Importance of Sanitizing Reverse Osmosis Systems
- 22 Jul, 2021
At first thought, it might not make sense to have to clean your water purifier, as the system’s goal is to purify water. One would think that there would be no need to clean a purified water tank or any of the associated housing. However, that is unfortunately not the case. It’s easy to overlook the importance of sanitizing reverse osmosis systems. In other cases, there may be extenuating reasons for you to clean the system. For example, you might suspect that your water has exceptionally high mineral contents if you have forgotten to change filters. Similarly, you might have left standing water in the tank for extended periods of time. Bear in mind that this list is not exhaustive and that there may be many reasons for you to clean and refilter your reverse osmosis water filter.
Tips Before You Start:
- If you are planning on sanitizing your system concurrent to when new filters will be installed, ensure that you keep them out of the way until it’s time to actually use them.
- Ensure that the area you are working in is free of any excess dirt or dust.
- Wash hands with soap and water.
- Turn off the cold water supply line to the residential reverse osmosis system.
- If your system is connected to your refrigerator, turn off that line as well.
- Open the RO water system faucet and allow all water from the system and storage tank to be drained.
- Once the system is empty, be sure to place the RO faucet back in its off position.
- Unscrew the housing from the pre-filter area. This is usually the filter in the closest proximity to the feedwater line. Remove the pre-filter. After the sanitization process, you will replace this pre-filter with a new one.
- Remove all remaining filters and the reverse osmosis membrane. If you happen to have an inline post filter installed, leave the old filter in place.
- Reconnect all empty housings to the sanitation system except for the pre-filter housing. At this point, there should be no filters in any housing.
- Pour the packet of your choice of Sanitizer solution directly into the pre-filter housing. Or, add two or three tablespoons of bleach to the pre-filter housing (5.5% unscented bleach).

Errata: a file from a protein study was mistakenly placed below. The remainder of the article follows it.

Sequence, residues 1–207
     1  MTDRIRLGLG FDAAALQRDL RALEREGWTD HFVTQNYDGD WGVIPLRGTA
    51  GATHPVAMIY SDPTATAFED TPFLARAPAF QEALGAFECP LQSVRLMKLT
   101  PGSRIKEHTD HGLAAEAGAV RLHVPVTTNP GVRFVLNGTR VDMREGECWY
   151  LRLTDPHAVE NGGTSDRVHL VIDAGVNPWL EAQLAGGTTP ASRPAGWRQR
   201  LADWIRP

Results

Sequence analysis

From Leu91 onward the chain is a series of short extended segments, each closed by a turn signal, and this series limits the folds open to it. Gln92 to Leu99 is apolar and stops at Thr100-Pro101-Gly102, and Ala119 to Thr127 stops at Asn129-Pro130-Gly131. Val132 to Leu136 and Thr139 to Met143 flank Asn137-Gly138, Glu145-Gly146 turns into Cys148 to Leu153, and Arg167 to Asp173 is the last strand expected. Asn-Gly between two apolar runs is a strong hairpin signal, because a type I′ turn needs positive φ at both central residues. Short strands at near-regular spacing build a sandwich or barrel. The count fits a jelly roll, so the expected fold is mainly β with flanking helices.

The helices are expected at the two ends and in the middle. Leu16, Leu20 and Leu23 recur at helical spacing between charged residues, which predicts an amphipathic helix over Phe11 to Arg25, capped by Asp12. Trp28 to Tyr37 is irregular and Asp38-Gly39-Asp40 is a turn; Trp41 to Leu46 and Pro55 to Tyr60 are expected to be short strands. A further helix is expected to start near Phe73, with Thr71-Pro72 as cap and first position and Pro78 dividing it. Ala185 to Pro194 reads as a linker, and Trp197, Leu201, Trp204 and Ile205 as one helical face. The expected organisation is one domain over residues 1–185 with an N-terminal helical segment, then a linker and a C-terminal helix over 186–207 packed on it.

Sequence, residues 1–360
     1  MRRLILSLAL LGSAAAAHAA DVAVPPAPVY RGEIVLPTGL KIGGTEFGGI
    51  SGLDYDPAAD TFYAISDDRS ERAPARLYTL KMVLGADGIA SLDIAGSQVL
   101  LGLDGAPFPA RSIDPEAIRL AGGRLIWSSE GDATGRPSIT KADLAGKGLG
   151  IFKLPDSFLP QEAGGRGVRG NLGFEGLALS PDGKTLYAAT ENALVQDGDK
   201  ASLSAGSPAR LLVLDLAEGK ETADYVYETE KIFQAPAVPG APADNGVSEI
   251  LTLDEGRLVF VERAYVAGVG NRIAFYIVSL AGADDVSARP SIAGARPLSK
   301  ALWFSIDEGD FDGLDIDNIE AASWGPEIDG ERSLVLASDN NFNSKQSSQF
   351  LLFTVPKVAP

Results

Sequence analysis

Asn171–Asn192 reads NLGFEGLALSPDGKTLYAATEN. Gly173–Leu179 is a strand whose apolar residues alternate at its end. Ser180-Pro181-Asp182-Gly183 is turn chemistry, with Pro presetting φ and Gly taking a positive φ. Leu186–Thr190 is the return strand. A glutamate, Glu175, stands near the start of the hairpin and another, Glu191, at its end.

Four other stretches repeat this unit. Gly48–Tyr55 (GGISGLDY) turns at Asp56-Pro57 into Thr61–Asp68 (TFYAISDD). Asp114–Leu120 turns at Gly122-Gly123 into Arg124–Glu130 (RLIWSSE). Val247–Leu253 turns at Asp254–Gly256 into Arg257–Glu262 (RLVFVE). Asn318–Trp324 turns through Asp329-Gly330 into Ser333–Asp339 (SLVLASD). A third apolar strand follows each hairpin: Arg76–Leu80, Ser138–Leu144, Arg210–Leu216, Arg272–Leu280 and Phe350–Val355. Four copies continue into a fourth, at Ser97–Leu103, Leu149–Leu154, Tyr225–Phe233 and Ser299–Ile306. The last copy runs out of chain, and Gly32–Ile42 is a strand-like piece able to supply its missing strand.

- Reconnect the pre-filter housing back onto the system with the sanitizer solution still inside.
- Turn on the cold water supply line for the system to fill with the sanitizing solution.
- Check for any leaks.
- Allow the system to fill with water. The time it takes the tank to fill will vary on water pressure. In most cases, the system should be full within 5-10 minutes. Remember that there should still be no filters in the system at this point.
- Turn on the RO faucet until water begins to flow. Then, turn off the faucet.
- If using a sanitizer solution, let the system set for at least 60 seconds. If using bleach, let the system set for at least 30 minutes.
- After it has set for an adequate time, flush the system by turning on the RO faucet and letting water run throughout the system until the odor of bleach is gone.
- Turn off the cold water supply line. Then turn on the RO faucet. Drain the system completely. Repeat this step twice to three times, as necessary.
- After draining the system completely the last time, replace or reinstall all filters and membrane.
- Turn on the cold water supply line and check for leaks.
- Allow the system several hours for the RO membrane purified water to refill the storage tank.
Below are some other things to keep in mind:
Strange sounds are often reported during the purging process. These may come in the form of smacking, sloshing, or sucking sounds. Be aware that this a completely typical symptom of purging. This sound is simply the negative water pressure exiting the system and making sucking noises through the filters and membrane. As soon as water enters the system and fills up, the noise should stop as a result of the balance of pressure. If the noises do not stop after this, consider calling a professional.
Keep in mind that comparing the water pressure between the water supply source pipe and the reverse osmosis faucet is futile. Because of how the reverse osmosis system works, there will always be lessened water pressure and flow than the source water system or a regular unfiltered faucet.
Fridge And Icemaker Connections
You must make sure that the connections for the Reverse osmosis filter are disconnected from the fridge or icemaker. Not doing so may lead you to have contaminated ice as the system is purged. For that reason, double-check that all the connections are cut and only connected after the system has been fully purged and set.
Many do not understand what the set period is for. This period is to allow the full fluids caught in the filters to run out of the system. For some mixtures, this time may be decreased due to the finer particulate and consistency of the mix. With bleach, it will take more time, as this is most often a much thicker liquid.
Bleach And Cleaner Amounts Are Specific!
Remember that when filling your system with whatever cleaning solution, those amounts are specific. You will not be getting the system cleaner by using more of this solution. Instead, you are increasing the chances it will stay in the system after purging. As such, always refer to the amounts listed either on the bleach bottle or container your cleaning solution came in.
Cleaning your reverse osmosis is an extremely involved, complex, and important task. However, if you follow the instructions above carefully, you will easily replace the filter on your own. We hope this article has helped address the importance of sanitizing reverse osmosis systems and has provided you with adequate instruction. Contact Premier H2O for more information on reverse osmosis systems.